Monday, December 20, 2010

Saturday, December 18, 2010

Loving Your Husband

Here you are, ready and eager to read another portion of my random thoughts that I dish out on a fairly inconsistent basis. But, before you continue, I have to warn you: This post is not about babies. Or birth control. Or a lack thereof. It's not even about children or parenting! I must give a secondary warning, but this is just for Sean: This post does include some mention of the awesomeness of my husband. Feel free to gag now and get it over with.

As I know that some people reading this probably don't have the same beliefs that I do, I'd like to summarize those. I believe that the Bible is the inerrant Word of God, given to us as His revealed knowledge to all of us, inspired by the Holy Spirit and meant to guide us, primarily, to our understanding of our own sinfulness and knowledge of Jesus Christ as God and faith in Him and His sacrificial love and death on our behalf as the only way of salvation from our sin and from eternal punishment (see Romans 3:23, John 3:16, and Eph. 2:8). This post, though applicable to all, is primarily focused at those who would agree with me in these beliefs.

Given my trust in God, His love, and my high esteem of the Bible, I take literally the concept that men and women have different roles in this life. In marriage, men are called to love their wives and protect them, and women are called to submit to their husbands and respect them.

BUT, given these specified roles, there's something that has struck a raw nerve with me over the last year and a half. I've noticed that men often have a really hard time admitting their weaknesses and mistakes, taking personal responsibility for them, and asking others for forgiveness. (Don't get me wrong, women. We have a hard time with this, too.) If left with this difficulty, they are prone to arrogance, hypocrisy, self-righteousness, and a lack of love and grace for others around them. Not a pretty picture, and certainly not a good position from which to be representing Christ in a marriage -- or to others, for that matter.

David, on the other hand, is pretty darn good (though not perfect, Sean -- no husband worship here!!) at, at least eventually, admitting his sin and repenting for it.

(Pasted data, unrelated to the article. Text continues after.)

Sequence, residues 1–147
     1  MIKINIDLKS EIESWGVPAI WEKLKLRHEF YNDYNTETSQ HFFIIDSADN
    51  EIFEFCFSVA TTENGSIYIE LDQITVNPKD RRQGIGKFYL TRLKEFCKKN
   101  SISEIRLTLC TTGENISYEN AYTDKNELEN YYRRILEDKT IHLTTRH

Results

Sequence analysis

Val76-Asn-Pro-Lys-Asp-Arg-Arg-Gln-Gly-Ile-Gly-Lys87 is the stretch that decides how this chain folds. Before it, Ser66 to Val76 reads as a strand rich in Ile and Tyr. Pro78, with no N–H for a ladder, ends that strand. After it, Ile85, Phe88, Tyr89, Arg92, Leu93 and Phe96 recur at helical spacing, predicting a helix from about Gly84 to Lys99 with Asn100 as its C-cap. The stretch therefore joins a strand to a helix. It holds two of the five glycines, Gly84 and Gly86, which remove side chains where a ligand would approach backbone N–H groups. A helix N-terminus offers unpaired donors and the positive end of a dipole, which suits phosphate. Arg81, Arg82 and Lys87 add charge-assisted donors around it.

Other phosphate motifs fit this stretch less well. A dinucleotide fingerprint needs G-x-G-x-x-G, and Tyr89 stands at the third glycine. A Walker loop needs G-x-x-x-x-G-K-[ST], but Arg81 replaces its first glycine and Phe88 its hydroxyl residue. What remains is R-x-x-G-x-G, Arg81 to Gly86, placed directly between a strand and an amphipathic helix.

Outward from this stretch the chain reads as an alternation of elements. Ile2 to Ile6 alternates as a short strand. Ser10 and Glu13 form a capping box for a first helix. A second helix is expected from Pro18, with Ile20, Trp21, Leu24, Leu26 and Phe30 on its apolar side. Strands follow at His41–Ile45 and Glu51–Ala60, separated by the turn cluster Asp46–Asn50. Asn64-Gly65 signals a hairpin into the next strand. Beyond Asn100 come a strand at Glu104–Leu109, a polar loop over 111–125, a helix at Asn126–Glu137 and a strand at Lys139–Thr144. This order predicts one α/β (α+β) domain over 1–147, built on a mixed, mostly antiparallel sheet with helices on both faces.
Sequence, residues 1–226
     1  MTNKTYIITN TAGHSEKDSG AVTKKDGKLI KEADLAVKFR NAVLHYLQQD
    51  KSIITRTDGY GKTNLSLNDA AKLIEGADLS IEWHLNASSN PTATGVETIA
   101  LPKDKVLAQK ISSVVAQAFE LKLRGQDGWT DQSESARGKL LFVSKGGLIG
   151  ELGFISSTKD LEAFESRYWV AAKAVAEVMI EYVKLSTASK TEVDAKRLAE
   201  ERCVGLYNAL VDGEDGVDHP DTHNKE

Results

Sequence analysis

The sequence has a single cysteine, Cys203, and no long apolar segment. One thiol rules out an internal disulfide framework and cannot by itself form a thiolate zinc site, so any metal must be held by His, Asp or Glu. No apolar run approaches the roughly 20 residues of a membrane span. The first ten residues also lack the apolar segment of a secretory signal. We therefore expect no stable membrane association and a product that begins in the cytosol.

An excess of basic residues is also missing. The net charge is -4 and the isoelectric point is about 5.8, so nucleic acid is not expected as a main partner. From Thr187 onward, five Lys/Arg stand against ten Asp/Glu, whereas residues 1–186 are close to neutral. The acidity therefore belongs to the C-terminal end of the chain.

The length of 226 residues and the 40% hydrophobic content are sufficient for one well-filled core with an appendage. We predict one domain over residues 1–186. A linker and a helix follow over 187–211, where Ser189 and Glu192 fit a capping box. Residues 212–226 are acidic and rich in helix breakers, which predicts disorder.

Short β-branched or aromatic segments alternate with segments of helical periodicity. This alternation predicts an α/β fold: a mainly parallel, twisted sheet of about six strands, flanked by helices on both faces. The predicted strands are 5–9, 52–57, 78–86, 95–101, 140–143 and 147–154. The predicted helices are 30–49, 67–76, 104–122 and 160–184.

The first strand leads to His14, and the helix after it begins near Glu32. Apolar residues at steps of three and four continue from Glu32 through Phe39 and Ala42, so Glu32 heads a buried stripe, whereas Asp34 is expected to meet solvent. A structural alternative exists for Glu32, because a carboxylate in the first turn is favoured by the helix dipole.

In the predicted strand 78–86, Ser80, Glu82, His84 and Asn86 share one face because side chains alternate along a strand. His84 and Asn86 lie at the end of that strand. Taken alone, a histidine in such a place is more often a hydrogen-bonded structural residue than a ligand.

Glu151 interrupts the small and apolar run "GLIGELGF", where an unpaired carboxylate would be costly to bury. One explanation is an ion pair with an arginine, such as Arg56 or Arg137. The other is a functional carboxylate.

I've seen the weakness described above first-hand, magnified in all its ugliness, a few times over the last year and a half, and I've seen the destruction it has wrought in its path. It's been heart-breaking, to say the least, as these men -- who have so bullishly sought to destroy all who have lovingly reached out to help them -- have been men that are at least professing faith in Christ and lives that have been transformed by Him.

But none of this is at the heart of my ramblings here.

This post is for wives, with a very serious warning for all of us to be diligent in the role God has given to us. You see, at least in two of the situations I have referenced above, the actions of the wives of these men have left me nauseous, physically wanting to puke. A lot. These wives have both watched their husbands be lovingly corrected by godly leadership and refuse to repent for their sinfulness. Yet both these women have, presumably in the name of love, submission, and loyalty, patted their husbands on their backs and "lovingly" supported them in their self-worship. And in doing so, these women have proved themselves to be the epitome of adulteresses, lacking anything close to love and reverence for their husbands or the God they claim for their salvation. And for this, I pity their husbands and them, for they know not the joy and freedom of repentance nor the loving faithfulness of a godly spouse.

Women, we should be prayerfully, humbly, lovingly, and yes, privately exhorting our husbands to godliness. If our husbands are saved by grace, we can have confidence that the same God who saved them will continue to sanctify them. Yet God uses His children as sanctifying agents in each other's lives, and we are to be sanctifying agents in our husbands' lives. A wife is the one person God gives to a husband for him to cleave to and become one with. We can either love him in a way that helps him draw closer to God, or we can hate him in a way that enables him in his love for the idols of his heart. Seriously -- what kind of wife are you?

Most who know me know that I think my husband is about the most amazing husband a gal could have. (Sorry, gals--he's taken!!) And I definitely am very convinced that he's the one that got the short end of this marriage. But David is not perfect. He's in the process of sanctification along with the rest of us. But over the years, I've seen him grow dramatically in the area of being able to more quickly recognize his sin against God and others, repent, and ask forgiveness. Dramatically. And though I'm FAR from perfect and have a long way to grow in this area myself, I can see how God has used me as a sanctifying agent in this area of David's life.

There are many practical angles I could expand on, but this post is too long already. I would like to conclude by noting that saying things like, "I'm sorry if I hurt you" or "I'm sorry that you were offended" don't indicate real repentance. If one is not actually acknowledging sinful behavior and actively, with the grace of God, turning away from it, saying "sorry" in a way that turns the responsibility away from oneself and onto someone else is fake, to say the least. God empowers His people to righteousness through humility expressed in repentance. "If we confess our sins, He is faithful and righteous to forgive us our sins and to cleanse us from all unrighteousness" (1 John 1:9).

Friday, December 10, 2010